Don’t let fumigation fool you, Chile still has plenty of organic blueberries
February 27, 2014

The United States Department of Agriculture’s (USDA) imposition of fumigation measures for Chilean blueberries from some regions due to the presence of Lobesia Botrana has been a challenge for the industry, but for Naturipe Farms the goal has been to continue providing product to clients and returns for growers. During Fruit Logistica in Berlin, spoke with the company’s executive VP of marketing Robert Verloop, who said negotiations were underway with the hope of implementing a systems approach for the fruit.Robert-Verloop-Fruit-Logistica

While fumigation measures have had an impact on a large portion of Chilean blueberry growers – and strikes exacerbated the situation – Verloop believes his company has learned a lot about its customer base as a result, while still managing to provide positive returns to growers.

“It changed the dynamics of the industry in a very short time. It proves again that you have to have long-term planning, it has to be well executed,” he says.

“When something comes up that throws a monkey wrench the business, you have to have the depth to be able to take that and fortunately, for our partner Hortifrut and Naturipe Farms, we were able to move fruit quite effectively to other export markets.

“As we started to finetune the program, we had the flexibility to expand in our airfreight program, and we also had a lot of production out of the quarantine zone – once we were able to to get the fruit off the plants and got it into the boats or airplanes, that put us in a very strong position.”

While the organization has been able to adapt, Verloop says it has been mindful of the “catastrophic” nature of what many Chilean growers have been through.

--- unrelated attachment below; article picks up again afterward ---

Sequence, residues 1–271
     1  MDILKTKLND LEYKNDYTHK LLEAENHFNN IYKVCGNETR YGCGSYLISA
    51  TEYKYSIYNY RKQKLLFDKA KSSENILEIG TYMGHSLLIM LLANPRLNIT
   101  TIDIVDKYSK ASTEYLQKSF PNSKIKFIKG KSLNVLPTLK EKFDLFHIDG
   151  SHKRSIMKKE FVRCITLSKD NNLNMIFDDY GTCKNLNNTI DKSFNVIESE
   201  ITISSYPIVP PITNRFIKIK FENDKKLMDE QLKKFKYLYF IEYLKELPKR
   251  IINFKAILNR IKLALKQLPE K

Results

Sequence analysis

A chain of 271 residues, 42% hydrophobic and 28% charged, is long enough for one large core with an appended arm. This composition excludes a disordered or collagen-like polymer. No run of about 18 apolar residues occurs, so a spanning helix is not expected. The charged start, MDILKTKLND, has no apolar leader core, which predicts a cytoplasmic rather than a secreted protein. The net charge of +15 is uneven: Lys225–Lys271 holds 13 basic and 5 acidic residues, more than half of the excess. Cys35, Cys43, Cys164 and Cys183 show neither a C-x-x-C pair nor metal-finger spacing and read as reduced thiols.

“So we do everything we can to maximize returns for growers, and in many ways we have to also work to see where that FOB (freight on board) return is going to come from – that could be China, which certainly has absorbed more fruit.

“Thank goodness the Chinese government and the Chilean government started negotiating the opening of the trade routes three or four years ago.

“Then we look at this market where we are today, Europe, and we’ve had the opportunity to bring that product in here – in a broad sense the structure of our organization has proved to have the resiliency both internationally and even within the United States.”

To build on some of the breakthroughs made with U.S. authorities, Verloop highlights that Naturipe and Hortifrut are helping to find a way to implement a systems approach to Lobesia botrana, rather than the fumigation method.

“That’s an approach in a lot of areas around phytosanitary requirements, so it’s not reinventing the wheel, but it’s certainly putting on an extra layer.

“Our goal is to be ready for next season in the most productive way, a positive way, with minimal impact to the industry, but we need to regain and earn that trust again from the marketplace.”

He says one way for Naturipe to regainthat  trust is by acting proactively, leading at the forefront and collaborating with the rest of the industry.

“By the sheer volume we have, we have to do it. We have to do it for our reasons, but more importantly for the entire industry; we’re going to put in a lot of resources, whether it’s Hortifrut or Naturipe, Hortifrut in the Chilean area itself, and show that trust can be gained by not only strength in Chile but in other areas where we produce as a collective group.